Dibrugarh, Feb. 20: The army is in no mood to cool off after more than a month of intensive operations against the outlawed Ulfa, never mind pressure from certain quarters to revive the peace process.
The chief of the army’s eastern command, Lt Gen. A.S. Jamwal, has asked officers and troops engaged in the offensive along the Assam-Arunachal Pradesh border to ensure that the militant group does not get any breathing space, unlike on previous occasions.
Gen. Jamwal, who is touring army positions in parts of Upper Assam and Arunachal Pradesh, told officers heading various counter-insurgency teams this week that they must not leave the job unfinished this time. The carte blanche is an extension of what defence minister A.K. Antony said at the start of the operations, triggered by Ulfa’s hate campaign against Hindi-speaking people.
“Whatever it takes (to rein in Ulfa),” Antony had said in response to questions on how different the army’s anti-Ulfa offensive would be from previous ones.
Sources said the only word of caution from Gen. Jamwal was that army operations should not affect people who have nothing to do with Ulfa.
The eastern command chief will end his tour on Thursday.
The army establishment said Gen. Jamwal’s visit was a “routine one”, but sources claimed he was in the state to ensure that operations against Ulfa are not scaled down.
Gen. Jamwal was briefed on the progress of the offensive at the divisional headquarters of the Dinjan-based 2 Mountain Division.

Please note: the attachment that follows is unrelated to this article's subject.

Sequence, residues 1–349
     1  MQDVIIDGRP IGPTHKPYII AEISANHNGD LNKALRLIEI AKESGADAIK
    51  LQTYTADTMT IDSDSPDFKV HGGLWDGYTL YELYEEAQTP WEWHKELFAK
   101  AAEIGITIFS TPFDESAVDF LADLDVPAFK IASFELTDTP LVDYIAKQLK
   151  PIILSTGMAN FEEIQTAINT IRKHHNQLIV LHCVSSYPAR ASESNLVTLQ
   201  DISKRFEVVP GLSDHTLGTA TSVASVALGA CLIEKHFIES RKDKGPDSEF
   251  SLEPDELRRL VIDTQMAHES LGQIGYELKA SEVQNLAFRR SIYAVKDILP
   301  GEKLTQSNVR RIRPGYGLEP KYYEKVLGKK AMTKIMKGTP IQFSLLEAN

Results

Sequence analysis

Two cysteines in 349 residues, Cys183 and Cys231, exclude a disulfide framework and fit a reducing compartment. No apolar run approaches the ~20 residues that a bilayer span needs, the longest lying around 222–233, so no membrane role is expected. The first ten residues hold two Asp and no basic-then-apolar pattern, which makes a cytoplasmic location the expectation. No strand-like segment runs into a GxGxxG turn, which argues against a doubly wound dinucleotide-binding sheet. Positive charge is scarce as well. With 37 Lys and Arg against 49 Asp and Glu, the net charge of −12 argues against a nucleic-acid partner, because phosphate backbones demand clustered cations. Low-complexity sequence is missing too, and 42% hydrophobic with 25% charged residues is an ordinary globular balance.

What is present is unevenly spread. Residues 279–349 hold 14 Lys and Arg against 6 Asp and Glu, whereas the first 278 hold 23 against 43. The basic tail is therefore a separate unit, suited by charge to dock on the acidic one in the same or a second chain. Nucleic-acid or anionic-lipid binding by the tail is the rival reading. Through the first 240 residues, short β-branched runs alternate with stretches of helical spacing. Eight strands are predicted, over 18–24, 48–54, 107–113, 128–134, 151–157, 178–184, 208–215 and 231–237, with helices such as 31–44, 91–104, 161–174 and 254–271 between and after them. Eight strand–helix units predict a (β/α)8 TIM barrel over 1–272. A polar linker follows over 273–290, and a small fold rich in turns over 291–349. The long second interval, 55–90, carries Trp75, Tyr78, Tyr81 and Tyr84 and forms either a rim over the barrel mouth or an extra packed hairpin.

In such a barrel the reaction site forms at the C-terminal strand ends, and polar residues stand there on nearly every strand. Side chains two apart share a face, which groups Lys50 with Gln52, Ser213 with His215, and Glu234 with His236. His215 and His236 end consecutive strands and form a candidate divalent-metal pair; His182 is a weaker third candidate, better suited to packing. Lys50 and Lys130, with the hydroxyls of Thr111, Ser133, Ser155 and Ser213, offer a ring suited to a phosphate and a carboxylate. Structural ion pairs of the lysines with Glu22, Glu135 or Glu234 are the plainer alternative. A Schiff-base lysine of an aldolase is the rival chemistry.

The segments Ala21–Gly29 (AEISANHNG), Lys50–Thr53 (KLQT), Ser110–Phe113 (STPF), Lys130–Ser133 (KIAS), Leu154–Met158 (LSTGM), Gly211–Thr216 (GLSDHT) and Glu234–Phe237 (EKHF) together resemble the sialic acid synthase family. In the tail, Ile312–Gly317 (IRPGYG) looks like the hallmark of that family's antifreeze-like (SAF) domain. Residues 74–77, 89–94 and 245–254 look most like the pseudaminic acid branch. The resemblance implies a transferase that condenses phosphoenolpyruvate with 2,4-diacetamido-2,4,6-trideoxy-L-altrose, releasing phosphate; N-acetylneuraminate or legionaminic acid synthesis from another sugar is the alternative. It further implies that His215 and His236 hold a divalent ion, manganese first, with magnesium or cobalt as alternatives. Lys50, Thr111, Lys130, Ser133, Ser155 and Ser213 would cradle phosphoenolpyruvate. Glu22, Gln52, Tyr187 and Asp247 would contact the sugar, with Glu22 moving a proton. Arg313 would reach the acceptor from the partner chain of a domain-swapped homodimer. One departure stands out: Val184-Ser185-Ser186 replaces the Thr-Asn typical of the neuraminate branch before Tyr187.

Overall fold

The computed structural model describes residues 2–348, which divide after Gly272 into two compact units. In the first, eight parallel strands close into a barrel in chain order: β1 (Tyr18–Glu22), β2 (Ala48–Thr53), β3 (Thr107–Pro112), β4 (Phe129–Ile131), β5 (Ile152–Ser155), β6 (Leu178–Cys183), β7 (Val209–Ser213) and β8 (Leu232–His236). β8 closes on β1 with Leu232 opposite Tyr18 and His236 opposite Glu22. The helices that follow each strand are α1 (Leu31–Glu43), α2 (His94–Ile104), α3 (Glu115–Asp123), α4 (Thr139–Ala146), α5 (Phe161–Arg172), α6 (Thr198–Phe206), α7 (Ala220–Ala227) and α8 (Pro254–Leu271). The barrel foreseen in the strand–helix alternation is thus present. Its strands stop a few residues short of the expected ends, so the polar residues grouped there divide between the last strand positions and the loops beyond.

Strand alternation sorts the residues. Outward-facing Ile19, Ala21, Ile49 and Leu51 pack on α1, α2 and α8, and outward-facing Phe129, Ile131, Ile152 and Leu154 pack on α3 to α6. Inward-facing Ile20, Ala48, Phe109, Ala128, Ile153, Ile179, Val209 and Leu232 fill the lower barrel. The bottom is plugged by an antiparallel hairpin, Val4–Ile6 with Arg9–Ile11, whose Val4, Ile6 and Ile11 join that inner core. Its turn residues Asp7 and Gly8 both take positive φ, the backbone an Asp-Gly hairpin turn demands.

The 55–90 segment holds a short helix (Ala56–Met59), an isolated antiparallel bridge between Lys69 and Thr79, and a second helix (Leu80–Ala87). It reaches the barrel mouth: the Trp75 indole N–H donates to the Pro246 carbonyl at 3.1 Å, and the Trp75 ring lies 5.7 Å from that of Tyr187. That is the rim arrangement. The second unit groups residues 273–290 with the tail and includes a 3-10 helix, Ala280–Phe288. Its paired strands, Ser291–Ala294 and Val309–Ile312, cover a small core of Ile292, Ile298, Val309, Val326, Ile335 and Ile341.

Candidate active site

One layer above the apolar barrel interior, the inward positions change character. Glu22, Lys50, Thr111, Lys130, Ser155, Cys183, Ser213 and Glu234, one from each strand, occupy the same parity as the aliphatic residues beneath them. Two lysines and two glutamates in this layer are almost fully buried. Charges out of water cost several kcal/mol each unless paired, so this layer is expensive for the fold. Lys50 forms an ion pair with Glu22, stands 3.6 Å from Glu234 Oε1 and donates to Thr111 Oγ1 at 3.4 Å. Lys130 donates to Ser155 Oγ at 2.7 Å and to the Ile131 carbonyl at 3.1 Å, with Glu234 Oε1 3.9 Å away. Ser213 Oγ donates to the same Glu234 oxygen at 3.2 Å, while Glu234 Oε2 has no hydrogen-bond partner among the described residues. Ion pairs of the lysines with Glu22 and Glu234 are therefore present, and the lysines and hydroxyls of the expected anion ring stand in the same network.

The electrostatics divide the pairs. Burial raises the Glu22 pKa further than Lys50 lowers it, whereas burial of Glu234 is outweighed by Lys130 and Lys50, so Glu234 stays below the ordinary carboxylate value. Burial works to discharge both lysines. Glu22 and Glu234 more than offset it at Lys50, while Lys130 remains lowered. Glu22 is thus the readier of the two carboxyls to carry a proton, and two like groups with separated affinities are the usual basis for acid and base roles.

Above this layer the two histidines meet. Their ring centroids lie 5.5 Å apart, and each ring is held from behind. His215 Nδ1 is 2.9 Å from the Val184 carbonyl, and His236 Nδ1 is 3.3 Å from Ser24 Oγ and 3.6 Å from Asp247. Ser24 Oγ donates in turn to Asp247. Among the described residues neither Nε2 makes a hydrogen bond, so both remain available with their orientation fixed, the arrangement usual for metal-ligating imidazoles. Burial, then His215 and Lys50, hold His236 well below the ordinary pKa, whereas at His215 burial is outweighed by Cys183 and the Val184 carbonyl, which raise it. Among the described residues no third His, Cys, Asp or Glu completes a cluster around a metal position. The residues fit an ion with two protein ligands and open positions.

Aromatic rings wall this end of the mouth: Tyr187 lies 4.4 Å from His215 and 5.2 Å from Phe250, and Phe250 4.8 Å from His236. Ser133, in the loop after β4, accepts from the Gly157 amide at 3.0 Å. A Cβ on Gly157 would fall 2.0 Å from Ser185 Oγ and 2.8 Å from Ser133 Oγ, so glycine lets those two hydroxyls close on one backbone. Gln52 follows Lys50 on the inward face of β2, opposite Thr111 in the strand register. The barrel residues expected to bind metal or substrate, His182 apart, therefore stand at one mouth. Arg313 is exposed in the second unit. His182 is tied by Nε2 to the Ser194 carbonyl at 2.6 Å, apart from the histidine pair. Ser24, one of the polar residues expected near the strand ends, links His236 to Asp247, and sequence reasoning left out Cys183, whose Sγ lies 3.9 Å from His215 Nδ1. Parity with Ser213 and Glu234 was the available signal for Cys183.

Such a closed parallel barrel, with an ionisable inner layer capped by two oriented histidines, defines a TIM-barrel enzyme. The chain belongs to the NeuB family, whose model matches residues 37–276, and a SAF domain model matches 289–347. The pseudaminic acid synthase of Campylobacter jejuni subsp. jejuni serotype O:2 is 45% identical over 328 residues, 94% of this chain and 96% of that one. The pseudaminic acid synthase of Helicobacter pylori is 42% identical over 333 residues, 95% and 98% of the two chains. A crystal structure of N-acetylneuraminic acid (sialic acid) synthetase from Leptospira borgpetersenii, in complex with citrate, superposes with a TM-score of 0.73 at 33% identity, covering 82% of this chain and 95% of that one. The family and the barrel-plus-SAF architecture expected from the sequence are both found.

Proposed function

The government is ostensibly in agreement with the army on the need to maintain the tempo of counter-insurgency operations. “The massacre of more than 70 Hindi-speaking people and several Congress workers last month was a shock for the government. It does not want Ulfa to get the opportunity to regroup and resume its violent campaign,” a senior official said.
An additional army brigade was deployed for counter-insurgency operations in Upper Assam after the massacre. The other two brigades are the 181 Mountain Brigade, stationed at Laipuli in Tinsukia district, and the 82 Mountain Brigade, based at Tezu in Arunachal Pradesh.
The army’s task has been made easier by Myanmar’s military operation against the NSCN (Khaplang), which shares its camps with Ulfa.
The army is trying to “hunt down all Ulfa rebels who are fleeing their camps in the jungles of Myanmar”, a source said.
The army has been using helicopters for surveillance, all-terrain scout cars and special forces for the first time in the Northeast.